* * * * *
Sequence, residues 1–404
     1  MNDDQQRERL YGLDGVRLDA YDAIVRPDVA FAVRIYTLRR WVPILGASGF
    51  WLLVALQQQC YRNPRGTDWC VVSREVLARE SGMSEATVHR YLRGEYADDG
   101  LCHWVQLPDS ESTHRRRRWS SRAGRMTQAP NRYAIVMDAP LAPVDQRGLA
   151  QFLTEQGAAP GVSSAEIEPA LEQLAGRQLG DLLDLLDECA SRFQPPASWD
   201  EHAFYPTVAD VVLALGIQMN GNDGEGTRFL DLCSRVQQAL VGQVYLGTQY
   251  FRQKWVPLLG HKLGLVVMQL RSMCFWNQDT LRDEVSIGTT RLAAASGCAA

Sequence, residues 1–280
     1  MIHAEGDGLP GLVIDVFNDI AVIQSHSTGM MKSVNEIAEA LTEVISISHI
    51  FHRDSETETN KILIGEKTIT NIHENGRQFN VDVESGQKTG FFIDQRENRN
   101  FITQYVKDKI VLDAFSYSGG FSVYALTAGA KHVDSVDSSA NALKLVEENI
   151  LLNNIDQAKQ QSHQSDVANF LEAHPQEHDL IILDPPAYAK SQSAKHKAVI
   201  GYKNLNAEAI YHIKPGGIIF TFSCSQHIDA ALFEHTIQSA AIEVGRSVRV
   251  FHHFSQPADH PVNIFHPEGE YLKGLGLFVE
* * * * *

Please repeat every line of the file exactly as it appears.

Sequence, residues 1–404
     1  MNDDQQRERL YGLDGVRLDA YDAIVRPDVA FAVRIYTLRR WVPILGASGF
    51  WLLVALQQQC YRNPRGTDWC VVSREVLARE SGMSEATVHR YLRGEYADDG
   101  LCHWVQLPDS ESTHRRRRWS SRAGRMTQAP NRYAIVMDAP LAPVDQRGLA
   151  QFLTEQGAAP GVSSAEIEPA LEQLAGRQLG DLLDLLDECA SRFQPPASWD
   201  EHAFYPTVAD VVLALGIQMN GNDGEGTRFL DLCSRVQQAL VGQVYLGTQY
   251  FRQKWVPLLG HKLGLVVMQL RSMCFWNQDT LRDEVSIGTT RLAAASGCAA

Sequence, residues 1–280
     1  MIHAEGDGLP GLVIDVFNDI AVIQSHSTGM MKSVNEIAEA LTEVISISHI
    51  FHRDSETETN KILIGEKTIT NIHENGRQFN VDVESGQKTG FFIDQRENRN
   101  FITQYVKDKI VLDAFSYSGG FSVYALTAGA KHVDSVDSSA NALKLVEENI
   151  LLNNIDQAKQ QSHQSDVANF LEAHPQEHDL IILDPPAYAK SQSAKHKAVI
   201  GYKNLNAEAI YHIKPGGIIF TFSCSQHIDA ALFEHTIQSA AIEVGRSVRV
   251  FHHFSQPADH PVNIFHPEGE YLKGLGLFVE